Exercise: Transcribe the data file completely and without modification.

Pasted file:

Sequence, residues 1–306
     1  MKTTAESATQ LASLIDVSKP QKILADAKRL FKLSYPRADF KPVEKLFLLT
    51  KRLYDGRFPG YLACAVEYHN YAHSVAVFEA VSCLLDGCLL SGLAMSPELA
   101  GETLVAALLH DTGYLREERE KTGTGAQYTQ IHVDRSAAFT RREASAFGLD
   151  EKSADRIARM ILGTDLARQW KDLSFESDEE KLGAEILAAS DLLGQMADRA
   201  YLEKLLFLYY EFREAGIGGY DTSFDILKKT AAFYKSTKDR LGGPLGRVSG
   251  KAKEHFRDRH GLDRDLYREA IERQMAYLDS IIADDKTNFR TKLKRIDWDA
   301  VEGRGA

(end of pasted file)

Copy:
Sequence, residues 1–306
     1  MKTTAESATQ LASLIDVSKP QKILADAKRL FKLSYPRADF KPVEKLFLLT
    51  KRLYDGRFPG YLACAVEYHN YAHSVAVFEA VSCLLDGCLL SGLAMSPELA
   101  GETLVAALLH DTGYLREERE KTGTGAQYTQ IHVDRSAAFT RREASAFGLD
   151  EKSADRIARM ILGTDLARQW KDLSFESDEE KLGAEILAAS DLLGQMADRA
   201  YLEKLLFLYY EFREAGIGGY DTSFDILKKT AAFYKSTKDR LGGPLGRVSG
   251  KAKEHFRDRH GLDRDLYREA IERQMAYLDS IIADDKTNFR TKLKRIDWDA
   301  VEGRGA